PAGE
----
- Padma Jayaraj
Photos: Courtesy the artist
May 4, 2013
Caught within a surreal world where animalised humans peep at you, you feel like Alice in Wonderland. This is not a world of mutants but your fellow- travellers down the evolutionary path. And the paintings reflect a deeper reality for you.
‘Chimera’ by Minal (Rajurkar) Shinde (9th to 15th April 2013, at Jahangir Art Gallery, Mumbai) is a visual parallel to the great allegories in world literature. The ironical title points to the real in combinations of the unreal. And the psychological insight of the artist unravels the truth hidden in the layers of the surreal down human growth and development. Intellectual in content, philosophical in delineation, the show is curated with a fine aesthetic sensibility.
The first four paintings in a series proclaim the theme. Humankind is broadly divided into the male and the female. The first painting is a manly physic, drawn in bold lines and suffused in muted colour, with the head of a dog. Its meek posture suggests its basic docile nature, the embodiment of ‘Yes, Master.’ The two paintings of cats in female attire show the innate character of the woman in an unfriendly world. Then we see the picture of a tiger’s head on a man’s body, bold in attitude. Caught between the meek and the bold, the persona of the woman indicate the acquired trait of safe landing, with an uncanny ability to remain unharmed no matter from what steep height it falls. That is what the folk wisdom says about the nature of the cat. The artist delves into the psychological depths of both the male and the female ethos with a rare insight.
In a series of paintings smaller in scale, the panoramic world of childhood is painted. A young rabbit, a rat, a squirrel, an eagle, a puppy, and a kitten stare at you with curiosity. They have an air of innocence about them. They delineate the nature of childhood in its phases. Amused, you stand and share their playful mood as if you were a child once more. The group next is complex and intriguing, which draws a deconstructive parallel to the well known tales from famous parables. The lion seated in all glory is a larger than life-size painting of a well dressed modern man. He is a father figure who holds the rat seated on his lap in protective gesture. In the old tale, it was the rat that saved the lion caught in a web. Here, the truth is implied in a reversal of postures critiquing the patriarchal notions of social hierarchy.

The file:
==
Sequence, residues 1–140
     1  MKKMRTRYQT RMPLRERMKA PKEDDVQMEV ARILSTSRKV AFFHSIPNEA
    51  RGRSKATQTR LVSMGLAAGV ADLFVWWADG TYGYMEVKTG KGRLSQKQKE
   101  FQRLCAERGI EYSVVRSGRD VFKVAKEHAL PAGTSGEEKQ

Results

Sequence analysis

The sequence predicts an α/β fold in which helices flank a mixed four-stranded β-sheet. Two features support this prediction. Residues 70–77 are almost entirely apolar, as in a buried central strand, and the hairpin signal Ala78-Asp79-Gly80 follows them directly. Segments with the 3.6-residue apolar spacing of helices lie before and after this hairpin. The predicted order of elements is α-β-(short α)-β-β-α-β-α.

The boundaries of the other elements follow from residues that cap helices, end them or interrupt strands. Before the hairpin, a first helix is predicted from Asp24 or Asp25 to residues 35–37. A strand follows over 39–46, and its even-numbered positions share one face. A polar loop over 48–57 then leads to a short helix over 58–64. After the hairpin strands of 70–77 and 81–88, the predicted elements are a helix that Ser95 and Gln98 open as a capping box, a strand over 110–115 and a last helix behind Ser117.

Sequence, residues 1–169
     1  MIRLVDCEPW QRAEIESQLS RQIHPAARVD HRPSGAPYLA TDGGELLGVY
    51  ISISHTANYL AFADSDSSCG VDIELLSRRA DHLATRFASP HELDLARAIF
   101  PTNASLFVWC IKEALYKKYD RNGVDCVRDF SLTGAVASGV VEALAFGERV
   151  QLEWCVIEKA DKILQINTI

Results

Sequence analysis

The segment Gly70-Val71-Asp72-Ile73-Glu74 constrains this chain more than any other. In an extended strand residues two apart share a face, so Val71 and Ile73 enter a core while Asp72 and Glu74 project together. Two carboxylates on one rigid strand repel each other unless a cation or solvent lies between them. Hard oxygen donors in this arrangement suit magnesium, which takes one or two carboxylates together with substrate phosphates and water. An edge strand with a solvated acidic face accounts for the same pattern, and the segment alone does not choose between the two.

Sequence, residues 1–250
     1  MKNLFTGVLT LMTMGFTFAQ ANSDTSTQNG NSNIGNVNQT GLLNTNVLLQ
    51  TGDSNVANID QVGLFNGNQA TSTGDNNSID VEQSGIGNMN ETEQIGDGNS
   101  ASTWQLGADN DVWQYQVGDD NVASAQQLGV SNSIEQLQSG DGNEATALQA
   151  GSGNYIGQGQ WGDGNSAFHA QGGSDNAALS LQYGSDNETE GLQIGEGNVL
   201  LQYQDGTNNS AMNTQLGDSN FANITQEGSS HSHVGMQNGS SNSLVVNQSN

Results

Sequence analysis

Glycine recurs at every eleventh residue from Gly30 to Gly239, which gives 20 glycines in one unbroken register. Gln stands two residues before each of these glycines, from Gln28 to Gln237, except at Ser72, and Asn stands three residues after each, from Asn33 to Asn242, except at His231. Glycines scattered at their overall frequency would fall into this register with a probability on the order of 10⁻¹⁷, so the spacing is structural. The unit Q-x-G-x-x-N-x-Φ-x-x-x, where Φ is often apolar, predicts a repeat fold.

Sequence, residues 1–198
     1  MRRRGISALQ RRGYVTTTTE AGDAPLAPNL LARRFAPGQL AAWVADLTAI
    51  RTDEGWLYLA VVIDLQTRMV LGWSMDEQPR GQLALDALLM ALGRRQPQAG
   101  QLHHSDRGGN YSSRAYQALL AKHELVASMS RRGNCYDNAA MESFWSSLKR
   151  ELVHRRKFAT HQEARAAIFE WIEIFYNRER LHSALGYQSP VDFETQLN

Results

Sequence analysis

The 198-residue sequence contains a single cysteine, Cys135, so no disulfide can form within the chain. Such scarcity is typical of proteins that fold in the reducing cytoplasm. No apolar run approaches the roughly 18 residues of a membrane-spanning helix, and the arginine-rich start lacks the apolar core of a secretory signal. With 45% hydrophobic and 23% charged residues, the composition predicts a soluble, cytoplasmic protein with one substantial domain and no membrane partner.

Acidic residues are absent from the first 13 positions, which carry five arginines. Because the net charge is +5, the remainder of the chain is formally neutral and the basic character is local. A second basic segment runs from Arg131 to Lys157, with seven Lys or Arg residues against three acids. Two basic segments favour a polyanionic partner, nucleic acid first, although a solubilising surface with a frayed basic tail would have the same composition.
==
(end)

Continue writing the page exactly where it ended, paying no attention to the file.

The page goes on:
The game of deception practised by the fox on the crane and the crane’s revenge later is slightly altered. Seated on either side of a table, the fox and the crane sit facing each other unable to taste the food before them in containers designed just to tease. Rooted in sadism, the old legend retells the cynical game people practice on each other just for fun. From the famous fables, the artist moves on to create her own symbols. The painting of an unreal combination of companions - an eagle, fox and a parrot, is a master stroke of metaphorical representation of the reality of life situations. The last painting in the series is poignant and poetic. The deer, a humanised being, is drawn in a hapless posture with a sense of finality. After life’s epileptic fits, the gentle spirit of the deer is a picture of acceptance, at peace with itself.
The artist surveys the mindscape of human nature, illuminating the hidden truths. The angle of perception is from the viewpoint of evolution. And even the missing link is there. The monkey is absent in the woods of childhood. Creative in substance, in sober colours within powerful lines, with sizes and shapes that give dimensions to the display, Chimera is an ironic comment on the humans who claim to be civilised.
Minal (Rajurkar) Shinde is a young artist who hails from Nagpur. After her Masters in Fine Arts, she had a teaching stint in SNDT. Her brochure cites an impressive list of shows, workshops, awards and participations in camps. Now she is engaged as creative artist in her individual capacity. Her psychological insight and rare talent to give classical dimension in simple yet powerful forms make her a thinking artist.
Padma Jayaraj is a freelance writer on the arts and travel. She is a regular contributor to www.narthaki.com